Young audiences are one of the fastest growing demographics in the age of mobile.
In the seven years since Apple launched the iPad, child tablet ownership has risen from nothing to between 55% and 74% in 2016 (depending on age range, with 12-15 year-olds occupying the largest market share).
The implications for advertisers are huge. On one hand access to the kids’ markets are opening up rapidly. On the other, more advertising real estate will need to be compliant with regulations designed to provide children with digital safety.
The Advertising Standards Authority and Committees of Advertising Practice Advertising Codes discourage direct exhortation and the advertising of adult content to children. They have also set out the needs for and situations requiring parental permission.
Even with these regulations the mobile web space remains problematic for both advertisers and child audiences, not least because mobile device ownership does not guarantee that the device is being used to access the internet.
Furthermore, March 2017 saw YouTube face criticism for a series of disturbing videos found in their kids-safe mode, in which content including arson and gun crime were disguised as cartoons such as Peppa Pig.
By contrast, in-app mobile experiences offer greater control for parents and the far greater likelihood of a child-safe digital experience. Gaming apps are subject to PEGI ratings, which determine audience appropriateness based on age.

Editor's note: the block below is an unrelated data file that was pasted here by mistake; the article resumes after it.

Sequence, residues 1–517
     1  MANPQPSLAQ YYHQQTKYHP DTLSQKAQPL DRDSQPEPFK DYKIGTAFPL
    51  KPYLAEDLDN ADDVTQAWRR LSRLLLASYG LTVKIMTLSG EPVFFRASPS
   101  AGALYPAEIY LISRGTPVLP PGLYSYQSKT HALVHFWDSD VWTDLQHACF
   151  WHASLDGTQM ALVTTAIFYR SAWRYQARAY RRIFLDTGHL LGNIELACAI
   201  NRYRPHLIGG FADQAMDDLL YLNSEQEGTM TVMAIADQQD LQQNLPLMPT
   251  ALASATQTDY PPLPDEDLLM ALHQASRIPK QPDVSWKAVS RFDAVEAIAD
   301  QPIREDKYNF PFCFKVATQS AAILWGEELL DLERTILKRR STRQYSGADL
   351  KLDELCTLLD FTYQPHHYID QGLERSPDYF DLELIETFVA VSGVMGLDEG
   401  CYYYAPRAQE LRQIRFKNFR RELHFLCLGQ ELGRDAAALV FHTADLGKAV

In additions to more regulated platforms, advertisers are protected through solutions such as KIDOZ’s Play Mode and Kid Friendly Monetization Solution. The former implements a child-friendly user interface, which blocks features including in-app purchases. The later allows developers to monetise within the bounds of child protection regulations.
At Venatus we are fortunate to have long-term relationships with premium publishers, which has allowed us the time to gain significant contextual insights into the audiences we work with. As the restrictions on first party data are only set to get tighter, consumption patterns will become increasingly relevant in engaging young audiences safely and effectively.
See the full Children's media literacy reports by Ofcom: https://www.ofcom.org.uk/research-and-data/media-literacy-research/childrens